Wednesday, February 13, 2013

Oahu: Day ½

[Backdated to reflect the day on which these events occurred.  Right?  Onward!]

Miss V's early-out day is every Wednesday.  This is especially handy if you decide to scamper off for an island vacation around midweek, as we did.  I picked V up from school at noon and we proceeded to cover all the last-minute details... like, uh, packing.  Pretty soon I drove off to pick up Captain Midnight, who does a great job of hurrying things along.  I would never get anything done without CM.

By the time we reached our gate, Miss V's fun light had gone out.  A TSA screener at SeaTac had pulled her out of line because she'd forgotten to remove her school laptop from her backpack, she hadn't eaten since breakfast and her blood sugar was dipping low, and we were already cutting it close, so there was no time for a meal.  She filled the gap with a peach smoothie before we boarded, but was still hungry on the plane.  A flight from Seattle to Honolulu takes a good six hours.  So we caved and bought some airline food.  Not precisely ambrosia, but it wasn't bad -- especially when a flight attendant gave us a chocolate truffle bar to thank us for waiting patiently.  Twist my arm, won't you!

Otherwise, Captain Midnight napped.  Miss V played games on his tablet.

Me?  I crocheted.  A lot.  Used what may be the world's biggest ball of pink yarn to finish one baby blanket and start another.  (An older passenger congratulated me on "being so productive" as she passed by in the aisle. Heh. I guess you could see it that way, but it's not as though I was going to stare at the back of an airline seat for six hours.)  By the way: no, Mom, I have nothing particular to report.  These blankets are a church project.

When you disembark at Honolulu Airport, you get the immediate feeling you're not in Kansas any more.  Hawaii is a U.S. state with a unique culture, due to its former status as a separate island nation and its current status as the de facto crossroads of the Pacific Rim.  You'll see untranslated words and phrases in both Hawaiian and Pidgin, the airport uses the blunt-to-American-eyes term "toilets" rather than the widespread euphemism "restrooms," and -- maybe the strangest sight of all to a mainlander used to periods of inclement weather -- there are no visible precautions against cold, because there's no point.  (Hawaiians are so acclimated to year-round balmy weather that they put on socks and sweaters when the temperature dips into the 60s at night.)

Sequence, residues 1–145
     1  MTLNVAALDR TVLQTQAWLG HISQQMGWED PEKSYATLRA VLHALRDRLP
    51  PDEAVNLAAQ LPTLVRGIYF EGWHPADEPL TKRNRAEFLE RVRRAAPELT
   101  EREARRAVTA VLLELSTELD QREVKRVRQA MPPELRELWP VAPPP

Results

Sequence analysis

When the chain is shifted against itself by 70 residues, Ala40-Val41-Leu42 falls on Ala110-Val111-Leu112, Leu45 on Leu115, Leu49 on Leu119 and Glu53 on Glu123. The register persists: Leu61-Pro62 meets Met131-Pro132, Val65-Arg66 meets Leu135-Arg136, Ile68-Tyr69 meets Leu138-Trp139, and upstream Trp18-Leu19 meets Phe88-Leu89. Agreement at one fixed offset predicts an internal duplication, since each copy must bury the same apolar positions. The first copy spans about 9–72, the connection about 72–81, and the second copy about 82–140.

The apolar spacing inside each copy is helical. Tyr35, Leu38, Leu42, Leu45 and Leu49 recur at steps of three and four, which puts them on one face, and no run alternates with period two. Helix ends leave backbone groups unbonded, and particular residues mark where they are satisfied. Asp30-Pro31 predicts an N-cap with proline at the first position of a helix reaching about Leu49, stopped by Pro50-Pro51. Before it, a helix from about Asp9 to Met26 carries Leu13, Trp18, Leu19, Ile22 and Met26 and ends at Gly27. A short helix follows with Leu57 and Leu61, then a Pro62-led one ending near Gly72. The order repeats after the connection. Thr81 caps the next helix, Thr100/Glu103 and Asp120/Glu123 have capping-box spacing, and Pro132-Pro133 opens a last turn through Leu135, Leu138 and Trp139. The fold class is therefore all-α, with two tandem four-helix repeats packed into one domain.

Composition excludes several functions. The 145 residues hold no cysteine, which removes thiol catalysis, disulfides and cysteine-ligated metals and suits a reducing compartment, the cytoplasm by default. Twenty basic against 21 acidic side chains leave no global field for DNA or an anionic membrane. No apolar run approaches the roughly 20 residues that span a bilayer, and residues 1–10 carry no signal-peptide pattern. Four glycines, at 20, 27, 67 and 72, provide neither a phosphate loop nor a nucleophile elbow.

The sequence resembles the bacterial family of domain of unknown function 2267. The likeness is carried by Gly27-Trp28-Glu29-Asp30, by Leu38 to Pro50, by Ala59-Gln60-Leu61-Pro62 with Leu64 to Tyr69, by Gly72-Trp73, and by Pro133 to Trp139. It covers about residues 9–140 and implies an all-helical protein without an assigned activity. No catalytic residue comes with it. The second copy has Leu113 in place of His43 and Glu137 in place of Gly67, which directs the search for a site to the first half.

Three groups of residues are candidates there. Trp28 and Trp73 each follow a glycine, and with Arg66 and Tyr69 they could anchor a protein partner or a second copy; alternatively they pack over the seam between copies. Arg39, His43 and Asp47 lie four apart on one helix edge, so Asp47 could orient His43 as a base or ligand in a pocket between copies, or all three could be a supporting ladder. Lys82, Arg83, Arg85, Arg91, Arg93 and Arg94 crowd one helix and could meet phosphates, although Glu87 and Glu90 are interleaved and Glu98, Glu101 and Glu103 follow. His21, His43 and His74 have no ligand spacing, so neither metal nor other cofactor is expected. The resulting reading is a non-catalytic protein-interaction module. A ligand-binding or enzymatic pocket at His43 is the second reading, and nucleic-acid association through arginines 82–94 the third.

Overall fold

We wandered past an open-air cultural garden right in the middle of the airport, taking in the marvelous scents of flowers along with the warm night air.  Caryn met us at the baggage claim, embraced us and presented us with leis.  Did I take any pictures of this?  Nope. Once again I'd forgotten the camera in my purse.  (Don't worry, though; I eventually remembered it was there.)  We wandered out to the car rental area, where CM picked up our car, and where Miss V got hit on by some random guy who wiggled his eyebrows at her every time she looked in his direction.

The Honolulu Star-Advertiser cannot lie.
Then we drove to the place famed for selling the best Spam musubi on Oahu: the Aloha Gas Station and 7-11 in Kāne'ohe.  (Gotta love a place where you can buy quality musubi at the gas station.)  There we met up with Brian, bought a couple of musubi and a manapua filled with char siu, and proceeded to fill the car with the joyous sounds of OMNOMNOM while driving up to the North Shore.  (And asking ourselves the Zen koan of the night: Why is Spam so awful?  Yet why is Spam musubi so tasty?  Ponder this strange alimentary paradox with us now...)

Darkness had fallen, so we couldn't see much of the scenery on our drive in, but on several occasions the road ran right along the beach, and we could catch a glimpse of the long curls of breakers gleaming white against the darkness.  Sometimes the waves blow spray across the road.  It took us a while to get to our destination on a "highway" where the average posted speed limit is 35 mph, but eventually we made it to La'ie. And there we found the niblings: Miss E, Little C, Bonz-I and Goldilocks.*  There was also Teddy the Wonder Dog, aka the Jack Russell Terrier on Valium.

Little C (who is not all that little any more) seemed pleased to see us.  And we were pleased to see all of them.  But most of all we were pleased to see the bed, which we promptly hit with gusto and vigor.

What of tomorrow?  Stay tuned.

*as always on this blog, names of people under 18 have been altered. I don't want anyone to be under the impression that my in-laws named their kids with the intention of starting a rap group.

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